Sharing Menopause stories & the key to creating healthy change- self- compassion

I was delighted to be invited to speak at the bi- monthly Action Menopause Warwickshire group last week. I decided to share the lessons I have learnt from my own Menopause Journey. I also shared simple techniques that might help other women navigate their own Menopause Journey.

My aim was to offer a different perspective on the Menopause.

Many women can struggle with a variety of symptoms in the Menopause, and it is often viewed as quite a negative period in a women’s life and often a cause of dread for those who have yet to experience it. ‘Action Menopause Warwickshire’ was set up to offer women access to fantastic clinical advice from Nurses who are experts in their field. During the meetings they share the best treatment options for the wide variety of symptoms women experience, and it is invaluable for women who are struggling to get the help they need.

I am a grateful recipient of HRT these days and also hugely benefitted from CBT when I was struggling from a variety of psychological symptoms of early Menopause.

However, at the time I was always looking outside of myself for solutions because I felt like so much of it was outside of my control. It was only when I started learning more about myself and what worked best for me personally, and taking action myself did I start to feel so much better…

For me that was about taking the time to pause, to start offering myself a little bit of self-compassion and learning how to reduce or manage my stress better.

I will share suggestions for how you might be able to do this, but firstly I thought I would share my story and the lessons I learnt along the way…

My story

I feel a little foolish when I reflect on my own Menopause Journey. I had an early Menopause. My Mum and my Nanna had both experienced it, so I wasn’t surprised when it was confirmed by the GP in my early forties. However, my plan was to just ‘crack on’ with it, and not ‘make a fuss’ and that was my approach for several years. I didn’t think to learn more about the Menopause, or how I might manage it better myself.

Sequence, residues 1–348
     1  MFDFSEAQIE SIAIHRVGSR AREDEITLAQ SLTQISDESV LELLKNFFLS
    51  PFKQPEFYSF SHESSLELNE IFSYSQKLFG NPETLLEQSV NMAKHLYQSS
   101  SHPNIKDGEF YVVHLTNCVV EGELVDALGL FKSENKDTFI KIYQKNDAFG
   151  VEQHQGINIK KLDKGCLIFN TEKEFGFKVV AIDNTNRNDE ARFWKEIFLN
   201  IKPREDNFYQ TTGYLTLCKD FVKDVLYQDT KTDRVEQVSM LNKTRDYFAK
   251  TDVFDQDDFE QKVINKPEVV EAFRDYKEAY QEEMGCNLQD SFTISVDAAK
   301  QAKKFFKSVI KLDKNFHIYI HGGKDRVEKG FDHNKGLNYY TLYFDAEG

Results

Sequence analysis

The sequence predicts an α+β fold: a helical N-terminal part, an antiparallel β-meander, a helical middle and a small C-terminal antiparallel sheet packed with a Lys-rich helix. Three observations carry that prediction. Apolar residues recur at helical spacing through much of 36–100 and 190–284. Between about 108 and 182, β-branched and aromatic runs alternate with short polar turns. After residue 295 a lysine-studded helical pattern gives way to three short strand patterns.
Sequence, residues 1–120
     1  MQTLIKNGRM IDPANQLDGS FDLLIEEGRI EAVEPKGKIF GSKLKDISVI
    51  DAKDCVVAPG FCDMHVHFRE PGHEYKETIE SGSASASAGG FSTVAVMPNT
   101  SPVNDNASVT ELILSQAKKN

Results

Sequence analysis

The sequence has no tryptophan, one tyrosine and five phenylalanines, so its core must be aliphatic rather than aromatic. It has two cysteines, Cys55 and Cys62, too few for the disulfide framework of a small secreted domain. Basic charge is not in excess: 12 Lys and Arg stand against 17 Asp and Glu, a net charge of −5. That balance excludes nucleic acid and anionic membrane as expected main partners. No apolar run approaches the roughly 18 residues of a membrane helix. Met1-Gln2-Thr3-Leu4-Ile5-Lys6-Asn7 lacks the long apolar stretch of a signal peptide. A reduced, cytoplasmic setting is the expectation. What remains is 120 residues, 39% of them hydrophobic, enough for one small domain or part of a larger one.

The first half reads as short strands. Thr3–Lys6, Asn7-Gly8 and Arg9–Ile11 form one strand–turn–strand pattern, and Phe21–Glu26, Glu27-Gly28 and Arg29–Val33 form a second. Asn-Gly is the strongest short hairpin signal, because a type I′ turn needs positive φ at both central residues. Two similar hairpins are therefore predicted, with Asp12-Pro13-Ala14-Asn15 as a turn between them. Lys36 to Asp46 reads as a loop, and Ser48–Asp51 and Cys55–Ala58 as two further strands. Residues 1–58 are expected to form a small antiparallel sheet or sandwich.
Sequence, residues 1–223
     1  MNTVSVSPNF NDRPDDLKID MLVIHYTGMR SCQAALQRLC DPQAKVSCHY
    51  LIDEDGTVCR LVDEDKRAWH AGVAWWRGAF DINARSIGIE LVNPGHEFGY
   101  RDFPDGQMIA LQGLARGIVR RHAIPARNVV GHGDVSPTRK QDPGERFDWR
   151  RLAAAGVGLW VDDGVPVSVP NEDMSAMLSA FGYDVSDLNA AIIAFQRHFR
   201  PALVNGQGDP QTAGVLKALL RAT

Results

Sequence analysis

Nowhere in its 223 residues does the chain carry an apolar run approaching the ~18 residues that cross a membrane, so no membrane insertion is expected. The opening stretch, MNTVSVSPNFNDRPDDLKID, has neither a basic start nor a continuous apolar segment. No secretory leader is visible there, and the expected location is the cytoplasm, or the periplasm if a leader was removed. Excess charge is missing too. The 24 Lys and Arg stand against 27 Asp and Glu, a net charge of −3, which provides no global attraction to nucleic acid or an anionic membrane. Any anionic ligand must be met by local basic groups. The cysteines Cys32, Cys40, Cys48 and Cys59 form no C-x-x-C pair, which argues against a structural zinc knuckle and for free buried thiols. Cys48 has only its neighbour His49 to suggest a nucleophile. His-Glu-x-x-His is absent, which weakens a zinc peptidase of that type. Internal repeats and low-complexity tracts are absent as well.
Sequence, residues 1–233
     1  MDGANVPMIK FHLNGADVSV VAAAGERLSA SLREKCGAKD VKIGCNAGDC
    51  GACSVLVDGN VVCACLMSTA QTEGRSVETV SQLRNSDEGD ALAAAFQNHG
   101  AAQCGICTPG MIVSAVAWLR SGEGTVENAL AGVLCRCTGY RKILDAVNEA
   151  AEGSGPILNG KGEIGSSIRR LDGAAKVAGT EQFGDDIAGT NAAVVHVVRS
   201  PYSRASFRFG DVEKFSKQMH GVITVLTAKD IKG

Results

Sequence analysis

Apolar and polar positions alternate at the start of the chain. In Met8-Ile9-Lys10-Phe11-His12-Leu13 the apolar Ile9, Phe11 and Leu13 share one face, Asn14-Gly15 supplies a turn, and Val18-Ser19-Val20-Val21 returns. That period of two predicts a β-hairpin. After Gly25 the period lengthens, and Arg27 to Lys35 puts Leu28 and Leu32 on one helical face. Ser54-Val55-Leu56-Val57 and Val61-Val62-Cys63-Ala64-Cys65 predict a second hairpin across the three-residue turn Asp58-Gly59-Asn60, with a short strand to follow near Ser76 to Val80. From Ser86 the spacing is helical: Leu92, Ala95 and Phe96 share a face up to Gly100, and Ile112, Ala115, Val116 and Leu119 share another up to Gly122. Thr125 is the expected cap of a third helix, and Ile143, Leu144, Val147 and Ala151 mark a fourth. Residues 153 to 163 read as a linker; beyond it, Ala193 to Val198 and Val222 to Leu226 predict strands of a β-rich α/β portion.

However, unfortunately this approach didn’t serve me well at all!

I was frequently on the verge of tears, and often felt anxious and overwhelmed. I suffered from terrible insomnia and consequently often felt very low, and I had lost all confidence in myself.

This led to feelings of shame and embarrassment. I often felt crippled with self-doubt, worrying about what other people thought of me. I had really lost all perspective of life. My husband would say ‘what if something awful happened? How would you cope then’?

Luckily for me it all changed when I watched the Mariella Frostrop program in 2018.

It was the first time I’d really taken the time to learn and understand more about the Menopause and it was like she was describing me…

She said, ‘I had insomnia, anxiety, low mood, low confidence for 2 years and then I took HRT, and everything changed.’

Thinking back, I don’t think I really understood that these psychological symptoms I had been experiencing were actually really common menopause symptoms, but I just used to feel really embarrassed and ashamed as I’d explain to friends that I was feeling so low and anxious all the time. Because I had an early menopause, I didn’t really know anyone else who was experiencing it at the time…

So, finally the penny started to drop. It was like she was describing me as she spoke and suddenly, I wasn’t going mad. There was nothing fundamentally wrong with me. I had a hormone deficiency and there might be a solution for it.